Meanwhile, inside the exhibit, director Autumn de Wilde (“Emma”) was showing her own work in the period rooms to some friends. “That woman probably just lost the house on her game,” she said, pointing to a clearly distressed female mannequin next to an overturned card table. “She wanted to show how messy people’s lives are,” she said. “A beautiful house does not mean a beautiful life.”
At that moment, a true “Golden Age” character entered: actress Denée Benton, who stars in the HBO series of the same name. She complimented de Wilde on her work, and de Wilde told her that she was “obsessed” with her show.
Benton may not have chosen to wear a Gilded Age bustle, but Franklin Leonard did, two of them, actually. Leonard, a film executive who helped curator Andrew Bolton choose the diverse slate of film directors for the exhibit, said he was imitating Frederick Douglass in a coat that had not a bustle but two, on either side, one of the smartest looks in cinema. evening.
“I guess it’s a double bustle,” he said, crediting designer Ken Nicholson. Leonard, who attended his first gala, said it was a surreal experience. “I, the captain of the high school math team in Columbus, Georgia, never thought I’d wear a Frederick Douglass-inspired double-bustier jacket to the Met Ball,” he said. “It wasn’t part of the plan.”
“Listen,” Leonard said, reflecting on the difficult balance between art and excess. “For all the excess, this is a fundraiser for the Costume Institute.” And he was said to be proud to have helped assemble the roster of filmmakers for the show, which includes not only gala hosts Ford and King, but also Wilde’s Radha Blank, Janicza Bravo, Sofia Coppola, Julie Dash and Chloé Zhao, last year’s Oscar winner. “They were the best group of filmmakers there was,” he said.
While many of those sipping cocktails and nibbling on coconut ceviche were gala veterans, from actors like gala stalwart Sarah Jessica Parker to designers like Thom Browne, there were plenty of newcomers. One was Kieran Culkin – the protagonist of another series about excessive wealth, “Succession” -, who claimed not yet to know what he thought of the gala, because he had only had time to do three things. “I tied my shoes,” he said. “I went to the men’s room and now I ordered a Coke, a straight Coke. They put a file on it. It’s not usually my thing. He went to see the exhibition.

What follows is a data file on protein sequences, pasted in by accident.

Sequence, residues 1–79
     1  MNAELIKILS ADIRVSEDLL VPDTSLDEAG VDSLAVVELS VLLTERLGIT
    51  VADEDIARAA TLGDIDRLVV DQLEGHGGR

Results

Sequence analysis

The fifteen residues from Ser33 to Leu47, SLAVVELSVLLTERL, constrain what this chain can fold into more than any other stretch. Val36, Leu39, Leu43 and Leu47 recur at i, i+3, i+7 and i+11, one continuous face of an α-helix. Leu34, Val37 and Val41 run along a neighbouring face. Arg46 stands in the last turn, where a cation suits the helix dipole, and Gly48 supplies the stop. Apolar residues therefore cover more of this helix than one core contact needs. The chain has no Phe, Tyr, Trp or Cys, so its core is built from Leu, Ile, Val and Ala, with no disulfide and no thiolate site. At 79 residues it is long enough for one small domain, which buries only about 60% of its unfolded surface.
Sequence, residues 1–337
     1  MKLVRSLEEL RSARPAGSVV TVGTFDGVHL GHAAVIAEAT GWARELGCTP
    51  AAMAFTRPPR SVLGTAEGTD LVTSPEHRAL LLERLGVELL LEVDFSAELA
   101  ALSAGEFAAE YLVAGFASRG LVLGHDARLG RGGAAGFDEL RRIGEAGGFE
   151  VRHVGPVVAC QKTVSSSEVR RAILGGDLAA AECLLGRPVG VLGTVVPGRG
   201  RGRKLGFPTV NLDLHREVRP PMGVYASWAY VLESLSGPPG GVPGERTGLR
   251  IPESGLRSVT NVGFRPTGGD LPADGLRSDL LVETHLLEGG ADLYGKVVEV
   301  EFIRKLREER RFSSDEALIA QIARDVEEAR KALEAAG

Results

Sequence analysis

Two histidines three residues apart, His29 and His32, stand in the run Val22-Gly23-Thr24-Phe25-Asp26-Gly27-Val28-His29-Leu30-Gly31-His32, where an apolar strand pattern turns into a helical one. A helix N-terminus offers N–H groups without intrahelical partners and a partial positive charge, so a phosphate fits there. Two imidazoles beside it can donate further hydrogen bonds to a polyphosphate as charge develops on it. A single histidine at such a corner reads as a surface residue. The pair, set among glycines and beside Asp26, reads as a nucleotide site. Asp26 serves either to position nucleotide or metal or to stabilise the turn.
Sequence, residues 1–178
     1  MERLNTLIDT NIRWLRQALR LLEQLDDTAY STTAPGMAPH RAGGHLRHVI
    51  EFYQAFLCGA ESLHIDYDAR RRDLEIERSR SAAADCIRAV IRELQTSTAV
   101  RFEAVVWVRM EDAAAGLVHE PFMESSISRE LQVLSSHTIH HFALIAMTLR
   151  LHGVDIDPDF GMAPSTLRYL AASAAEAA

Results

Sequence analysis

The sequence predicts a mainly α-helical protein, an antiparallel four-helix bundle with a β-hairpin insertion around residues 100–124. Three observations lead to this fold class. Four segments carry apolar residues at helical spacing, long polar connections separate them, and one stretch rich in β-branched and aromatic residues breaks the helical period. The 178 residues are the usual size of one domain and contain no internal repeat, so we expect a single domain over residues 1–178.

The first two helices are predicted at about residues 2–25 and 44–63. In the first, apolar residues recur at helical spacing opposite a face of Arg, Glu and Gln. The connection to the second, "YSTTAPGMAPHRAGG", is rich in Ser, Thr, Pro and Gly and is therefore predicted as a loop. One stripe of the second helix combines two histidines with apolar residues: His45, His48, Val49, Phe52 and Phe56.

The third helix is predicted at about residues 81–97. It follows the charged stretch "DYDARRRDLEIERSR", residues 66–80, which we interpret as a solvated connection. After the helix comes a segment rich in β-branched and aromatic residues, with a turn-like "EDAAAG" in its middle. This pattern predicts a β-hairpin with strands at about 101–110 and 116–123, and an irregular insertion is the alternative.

For many first-time gala attendees, the most surreal part is seeing such a concentration of famous people from all walks of life, where someone more famous is always just around the corner. Or when, as happened on Monday night, a fun band starts winding its way through cocktails, with drums and a tuba and a guy conducting with a melodica, you take a closer look and the guy on the melodica is Jon Batiste, who He just won five Grammy Awards.
Another rookie, New York City Mayor Eric Adams, wasn’t even the only New York mayor in attendance: Michael Bloomberg was there, too.
Adams, who was wearing a tuxedo with the words “End Gun Violence” on the back and other symbols of the city he has led for several months, said he was thinking about the “very real” income inequality that stemmed from the Golden age. as the city now recovers from the pandemic.
Noting that the wealthiest two percent of the city was represented in the room, he said his role was to “come out among these New Yorkers and talk about the issues that the other 98% of New Yorkers need that are not in this room… . Not to divide us, but to unite us.”
Adams also joked about a tabloid report that he’s been dying to come to the gala for years.
“They’ve been trying to get ME to come for years,” he joked. “They wanted a mayor with arrogance.”
For more information on AP’s Met Gala coverage: https://apnews.com/hub/met-gala